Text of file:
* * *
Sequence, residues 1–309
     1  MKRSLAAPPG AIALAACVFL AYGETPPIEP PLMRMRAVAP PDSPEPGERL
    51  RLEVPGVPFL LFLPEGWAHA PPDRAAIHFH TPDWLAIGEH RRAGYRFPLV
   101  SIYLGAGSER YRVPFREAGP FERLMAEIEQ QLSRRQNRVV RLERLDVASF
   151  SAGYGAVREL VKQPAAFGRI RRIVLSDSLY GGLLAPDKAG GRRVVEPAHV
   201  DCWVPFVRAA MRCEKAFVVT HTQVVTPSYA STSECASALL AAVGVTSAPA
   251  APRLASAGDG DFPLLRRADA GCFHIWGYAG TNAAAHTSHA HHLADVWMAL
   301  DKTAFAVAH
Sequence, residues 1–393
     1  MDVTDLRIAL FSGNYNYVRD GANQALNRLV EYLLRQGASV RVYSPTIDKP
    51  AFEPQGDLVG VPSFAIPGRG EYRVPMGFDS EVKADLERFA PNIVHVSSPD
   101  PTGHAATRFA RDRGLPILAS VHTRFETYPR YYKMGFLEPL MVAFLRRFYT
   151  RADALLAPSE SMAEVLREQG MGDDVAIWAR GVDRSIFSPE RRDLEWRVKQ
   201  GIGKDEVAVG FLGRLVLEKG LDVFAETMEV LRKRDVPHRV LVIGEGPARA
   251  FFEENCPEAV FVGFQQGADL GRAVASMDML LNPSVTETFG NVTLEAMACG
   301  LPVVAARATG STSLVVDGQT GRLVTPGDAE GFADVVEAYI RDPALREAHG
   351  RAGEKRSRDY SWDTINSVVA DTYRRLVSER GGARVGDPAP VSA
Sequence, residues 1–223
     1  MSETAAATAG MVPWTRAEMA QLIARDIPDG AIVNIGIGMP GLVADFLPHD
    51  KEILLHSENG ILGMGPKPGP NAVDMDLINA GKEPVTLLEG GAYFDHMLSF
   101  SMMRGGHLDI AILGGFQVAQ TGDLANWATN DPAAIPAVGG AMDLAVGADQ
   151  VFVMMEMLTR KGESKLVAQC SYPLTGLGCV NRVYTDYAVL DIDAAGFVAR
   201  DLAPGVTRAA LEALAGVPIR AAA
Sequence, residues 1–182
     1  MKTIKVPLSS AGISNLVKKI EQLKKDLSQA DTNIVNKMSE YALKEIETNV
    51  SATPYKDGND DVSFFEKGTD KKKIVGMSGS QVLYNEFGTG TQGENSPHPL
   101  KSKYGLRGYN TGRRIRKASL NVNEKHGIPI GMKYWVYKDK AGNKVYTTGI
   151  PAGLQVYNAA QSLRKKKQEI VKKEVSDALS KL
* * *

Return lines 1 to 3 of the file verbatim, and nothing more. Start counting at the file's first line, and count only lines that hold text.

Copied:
Sequence, residues 1–309
     1  MKRSLAAPPG AIALAACVFL AYGETPPIEP PLMRMRAVAP PDSPEPGERL
    51  RLEVPGVPFL LFLPEGWAHA PPDRAAIHFH TPDWLAIGEH RRAGYRFPLV